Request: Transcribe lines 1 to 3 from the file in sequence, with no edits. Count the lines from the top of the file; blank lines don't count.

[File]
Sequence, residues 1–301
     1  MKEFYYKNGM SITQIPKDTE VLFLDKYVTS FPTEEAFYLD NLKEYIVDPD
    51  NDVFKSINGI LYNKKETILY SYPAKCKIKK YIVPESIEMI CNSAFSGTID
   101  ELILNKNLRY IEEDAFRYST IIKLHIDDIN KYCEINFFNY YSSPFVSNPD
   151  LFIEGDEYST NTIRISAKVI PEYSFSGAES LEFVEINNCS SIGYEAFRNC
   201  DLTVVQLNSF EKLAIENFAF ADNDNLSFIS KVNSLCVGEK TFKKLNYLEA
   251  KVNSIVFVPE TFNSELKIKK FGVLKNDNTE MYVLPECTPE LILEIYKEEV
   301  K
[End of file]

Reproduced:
Sequence, residues 1–301
     1  MKEFYYKNGM SITQIPKDTE VLFLDKYVTS FPTEEAFYLD NLKEYIVDPD
    51  NDVFKSINGI LYNKKETILY SYPAKCKIKK YIVPESIEMI CNSAFSGTID